Thankfully I got a lie in until 08:45. The breakfast was better than in Guilin, but that doesn’t mean much. Agreed there was a wide selection, but most of our group didn’t find the breakfast very appealing. Personally I thought the orange juice was watered down.
Our first stop of the day was at Jin Li street, a place which since ancient times has been used for shopping. Oh joy. As it was a Sunday it was also extremely crowded. The buildings were mostly old timber buildings that had been preserved and there was a stream running through it that had black swans swimming around.
By 12:00 noon we were back at the coach and on our way to get some food. The food consisted of dishes that the people in the Sichuan province often eat, so contained spices – though they were mild (at the request of our tour guide apparently). As breakfast had only been a couple of hours earlier most people didn’t eat much and we moved on at 13:45. The journey to the Cheng Du Panda Breeding Research centre then took around 45 minutes.
Inside the centre it’s a reasonable walk to get around it all, but there is plenty to see. On the way to the Giant Panda pens we came across a female Indian peafowl, and several other species of bird including more black swans at a place they appropriately call Swan Lake.
Our first sight of a Giant panda was one sleeping on a wooden platform inside an enclosure. It wasn’t long before we saw a group of them with a bit more activity. In one of the enclosures we saw them feeding the cubs which was a great opportunity for photos as it also made them more playful. As you would expect the enclosure at feeding time is absolutely crowded at feeding time with constant pushing and shoving from other tourists. The path leads round from there to small pens (that are basically like cages) where they keep the cubs normally when not out in the sun.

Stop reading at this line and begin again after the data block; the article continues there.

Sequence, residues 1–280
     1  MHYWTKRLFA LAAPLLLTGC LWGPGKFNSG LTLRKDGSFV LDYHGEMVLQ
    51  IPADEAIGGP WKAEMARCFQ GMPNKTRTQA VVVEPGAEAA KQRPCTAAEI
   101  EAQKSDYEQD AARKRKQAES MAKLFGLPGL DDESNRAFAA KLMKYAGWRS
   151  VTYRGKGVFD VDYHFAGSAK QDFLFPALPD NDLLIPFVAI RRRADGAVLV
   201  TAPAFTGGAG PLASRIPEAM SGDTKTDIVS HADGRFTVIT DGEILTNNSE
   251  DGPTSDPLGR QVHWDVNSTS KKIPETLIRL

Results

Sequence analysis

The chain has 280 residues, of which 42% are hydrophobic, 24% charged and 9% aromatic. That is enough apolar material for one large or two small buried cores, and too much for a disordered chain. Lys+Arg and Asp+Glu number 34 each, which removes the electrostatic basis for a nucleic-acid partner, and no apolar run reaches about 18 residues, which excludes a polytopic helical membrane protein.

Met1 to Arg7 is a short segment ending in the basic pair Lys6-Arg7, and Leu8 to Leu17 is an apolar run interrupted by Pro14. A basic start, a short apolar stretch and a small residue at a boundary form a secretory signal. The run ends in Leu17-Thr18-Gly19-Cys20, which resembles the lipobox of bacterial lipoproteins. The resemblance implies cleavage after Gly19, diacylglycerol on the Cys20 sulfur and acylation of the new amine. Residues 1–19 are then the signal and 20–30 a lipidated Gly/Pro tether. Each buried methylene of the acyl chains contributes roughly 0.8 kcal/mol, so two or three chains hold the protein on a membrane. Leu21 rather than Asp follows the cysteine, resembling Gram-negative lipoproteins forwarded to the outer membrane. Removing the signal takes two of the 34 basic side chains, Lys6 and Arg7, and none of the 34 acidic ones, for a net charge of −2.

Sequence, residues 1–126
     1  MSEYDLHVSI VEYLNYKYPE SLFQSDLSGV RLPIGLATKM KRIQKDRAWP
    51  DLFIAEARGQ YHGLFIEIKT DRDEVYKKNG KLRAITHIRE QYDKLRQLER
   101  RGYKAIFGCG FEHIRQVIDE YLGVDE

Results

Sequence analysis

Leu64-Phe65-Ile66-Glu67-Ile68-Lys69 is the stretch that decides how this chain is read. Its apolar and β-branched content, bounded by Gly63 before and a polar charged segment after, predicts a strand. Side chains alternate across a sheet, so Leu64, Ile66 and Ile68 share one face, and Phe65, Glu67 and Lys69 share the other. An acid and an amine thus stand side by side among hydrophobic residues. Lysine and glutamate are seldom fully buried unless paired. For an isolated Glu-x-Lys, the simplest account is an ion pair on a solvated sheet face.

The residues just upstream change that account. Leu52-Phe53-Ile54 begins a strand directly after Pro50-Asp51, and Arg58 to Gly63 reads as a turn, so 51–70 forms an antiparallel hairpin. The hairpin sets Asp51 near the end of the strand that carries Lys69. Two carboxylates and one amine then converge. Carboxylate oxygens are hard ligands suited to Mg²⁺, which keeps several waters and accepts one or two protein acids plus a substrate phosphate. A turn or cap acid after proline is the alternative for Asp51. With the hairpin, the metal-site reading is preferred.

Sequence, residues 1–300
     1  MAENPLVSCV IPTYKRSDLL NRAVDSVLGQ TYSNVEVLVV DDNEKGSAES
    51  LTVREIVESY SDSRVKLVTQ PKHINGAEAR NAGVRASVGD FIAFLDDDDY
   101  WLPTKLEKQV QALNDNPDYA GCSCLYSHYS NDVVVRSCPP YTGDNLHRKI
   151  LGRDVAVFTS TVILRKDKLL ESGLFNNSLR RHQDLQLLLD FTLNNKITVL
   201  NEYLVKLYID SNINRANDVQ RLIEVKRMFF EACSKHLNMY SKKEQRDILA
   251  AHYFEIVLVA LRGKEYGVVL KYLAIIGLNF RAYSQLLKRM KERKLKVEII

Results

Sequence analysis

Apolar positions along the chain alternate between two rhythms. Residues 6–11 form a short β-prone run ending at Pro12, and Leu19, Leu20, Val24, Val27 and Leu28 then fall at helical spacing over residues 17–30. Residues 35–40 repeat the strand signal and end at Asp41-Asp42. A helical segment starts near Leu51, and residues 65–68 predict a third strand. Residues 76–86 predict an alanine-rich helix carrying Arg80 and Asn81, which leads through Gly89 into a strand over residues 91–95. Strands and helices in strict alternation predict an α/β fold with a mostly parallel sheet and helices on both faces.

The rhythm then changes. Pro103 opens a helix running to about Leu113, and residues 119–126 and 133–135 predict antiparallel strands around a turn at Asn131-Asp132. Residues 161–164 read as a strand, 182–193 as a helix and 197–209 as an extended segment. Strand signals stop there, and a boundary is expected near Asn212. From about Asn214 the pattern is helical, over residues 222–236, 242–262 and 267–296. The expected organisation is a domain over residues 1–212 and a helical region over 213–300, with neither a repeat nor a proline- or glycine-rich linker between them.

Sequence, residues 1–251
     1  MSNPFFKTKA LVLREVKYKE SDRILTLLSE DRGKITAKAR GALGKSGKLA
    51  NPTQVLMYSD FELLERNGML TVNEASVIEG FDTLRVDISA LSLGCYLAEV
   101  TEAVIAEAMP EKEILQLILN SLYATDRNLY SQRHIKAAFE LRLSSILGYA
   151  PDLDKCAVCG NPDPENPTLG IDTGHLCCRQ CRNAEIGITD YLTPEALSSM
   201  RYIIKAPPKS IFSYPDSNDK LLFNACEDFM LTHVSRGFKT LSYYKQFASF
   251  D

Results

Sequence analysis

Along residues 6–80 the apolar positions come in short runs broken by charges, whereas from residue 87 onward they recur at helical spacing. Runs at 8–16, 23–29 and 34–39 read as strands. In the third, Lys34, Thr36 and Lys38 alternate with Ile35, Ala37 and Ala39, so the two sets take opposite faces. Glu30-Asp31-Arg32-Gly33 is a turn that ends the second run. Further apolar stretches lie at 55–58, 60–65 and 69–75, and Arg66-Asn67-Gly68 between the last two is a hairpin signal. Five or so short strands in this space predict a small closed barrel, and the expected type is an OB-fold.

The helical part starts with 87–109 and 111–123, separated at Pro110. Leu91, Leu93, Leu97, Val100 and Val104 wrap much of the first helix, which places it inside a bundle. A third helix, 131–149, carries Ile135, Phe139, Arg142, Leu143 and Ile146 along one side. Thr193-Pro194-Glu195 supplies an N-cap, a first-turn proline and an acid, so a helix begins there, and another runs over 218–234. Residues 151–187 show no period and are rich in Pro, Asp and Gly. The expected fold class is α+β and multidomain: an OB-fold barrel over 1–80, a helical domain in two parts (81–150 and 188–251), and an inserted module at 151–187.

They also have two pens side-by-side for Red Pandas. The Red Panda can move incredibly fast and we saw two chasing each other around the pen. Although they look like cute foxes they are actually quite vicious animals. In a third pen further along the path there was also one that had previously been in a fight and had it’s tail bitten off by his rival.
After this we headed back to the Swan Lake so we could take pictures there on the way back to the coach. At this time we realised that the lake was filled with hundreds of massive koi that would have been worth an absolute fortune. This was followed by a very brief stop in the visitor centre for souvenir buying; from there I got a plush panda for my sister.
We got back to the hotel just after 17:00 in time to find that the showers in the hotel were rubbish. Not only did they lack any pressure but they didn’t have any hot water either. We left the hotel at 18:30 to get our evening meal.
This was then followed by the Sichuan Opera performance; again this is not strictly an opera. It was very different to both the Peking Opera and the Tang Dynasty show. This one was in the open air of a tea house’s courtyard and consisted of various acts such as mask changing, music, shadow puppets, and a comedy – so was more of a variety show. The green tea was delivered to people via what looked like a watering can with an incredibly long spout – amusing, yet an effective way of serving people in a crowd.
The costume changes in the show were done by pulling the costume back through a slit in the temporary wall that had been brought out, and the mask changes done by wearing multiple one on top of the other so they could remove it whilst the fan was in front of their face. When removing a mask they hide it in their sleeves and belts so it wouldn’t be noticed. It’s supposed to be secret how they do that but it seemed pretty obvious to be honest.